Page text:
Friday, February 7, 2014

Falling Teeth & Turning Pages

It was something so simple. My youngest daughter stood there in front of me with blood on her lips but a smile proudly plastered on her face. “I lost my tooth!” she exclaimed. She’d been wiggling that thing for a while now and she was so excited. It was her first.

Today we’d even been to the dentist. I had asked about a different tooth, dark grey from a fall a few months ago. It was fine, not badly damaged. It would fall out on its own unless something changed. We smiled and chatted about her tiny bottom tooth, normal and moving towards falling out. I hadn’t expected it to be tonight.

As she went off to brush her teeth for bed, it happened. No huge effort—it was just time. Her sister warned her it would bleed but Lucy wasn’t a bit scared. She was too excited for this new milestone.

She proudly held it out for me to see as I tried to press a cool washcloth on her bleeding gum. And it hit me—Kraig was missing this. I had to turn away so Lucy wouldn’t see me struggling for composure in her shining, big-girl moment.

He always got a little sappy about their baby teeth. I remember one night telling him that no, the “tooth fairy” should not hold on to them. That was creepy. He just said it was a tiny part of when they were little and he had a hard time letting it go.

Tonight was another milestone gone by without him. Earlier this week it was Jarod’s debut on the high school stage in Ghostbusters. Only two of my friends knew that before we were seated, I was so overwhelmed that Kraig was missing this that I fled to the bathroom to quietly sob in the stall—not wanting anyone to see me or hear me. Jarod did amazing and had no idea the moment was bittersweet for his mom.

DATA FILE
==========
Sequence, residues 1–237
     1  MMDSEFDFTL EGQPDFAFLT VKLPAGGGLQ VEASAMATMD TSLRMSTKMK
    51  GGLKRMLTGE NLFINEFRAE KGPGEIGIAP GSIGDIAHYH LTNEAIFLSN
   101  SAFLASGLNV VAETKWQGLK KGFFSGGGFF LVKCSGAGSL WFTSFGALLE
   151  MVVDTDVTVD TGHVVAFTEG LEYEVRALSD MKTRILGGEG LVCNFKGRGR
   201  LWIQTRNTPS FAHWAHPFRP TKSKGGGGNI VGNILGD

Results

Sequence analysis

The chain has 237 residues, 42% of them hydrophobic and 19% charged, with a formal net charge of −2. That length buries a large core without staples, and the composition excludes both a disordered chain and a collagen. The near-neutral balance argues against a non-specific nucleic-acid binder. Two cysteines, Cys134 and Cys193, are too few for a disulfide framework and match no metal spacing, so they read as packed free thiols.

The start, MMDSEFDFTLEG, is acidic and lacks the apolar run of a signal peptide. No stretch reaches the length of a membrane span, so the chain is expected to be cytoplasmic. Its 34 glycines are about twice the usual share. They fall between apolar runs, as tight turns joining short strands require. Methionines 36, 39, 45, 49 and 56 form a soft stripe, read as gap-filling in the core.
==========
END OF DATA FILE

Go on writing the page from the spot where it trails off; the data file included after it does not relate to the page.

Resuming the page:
There will be many milestones where his absence will be noticeable. That makes me sad.

But tonight I also found myself watching the end of a favorite movie of ours with my girls—Mr. Magorium’s Wonder Emporium. They picked it out. It’s a movie about a man with a magic toy store who declares today is the day when it is his time to die and he wants to pass the magic on to his assistant. It is anything but a sad movie. It’s a movie about celebrating the magic in our lives. Mr. Magorium has one of my favorite lines from a movie: “Your life is an occasion—rise to it.”

As I sat snuggling Lucy and sitting across from Kati we talked about Daddy and heaven. We talked about the lines Dustin Hoffman utters about dying. He talks about the end of Shakespeare’s King Lear, a five act play that simply ends with “He dies.” Mr. Magorium tells his grief-stricken assistant and friend that while this is the end of his character’s story, it is an opportunity for her to turn the page and keep writing the story of her life.

I told my girls that we are turning the page. We remember Daddy’s contribution to our story and we cherish it. “He was the best daddy in the world,” Lucy added. Kati smiled. But now, I explained (as did the movie), we turn the page and keep writing our stories. Daddy would have wanted that.

So tonight the tooth fairy drifted down to Lucy’s room and placed a fresh one dollar bill where the tooth had been tucked away. No, she didn’t hold on to it. And though his absence in yet another milestone is tangible tonight, I choose to turn the page. The story goes on.

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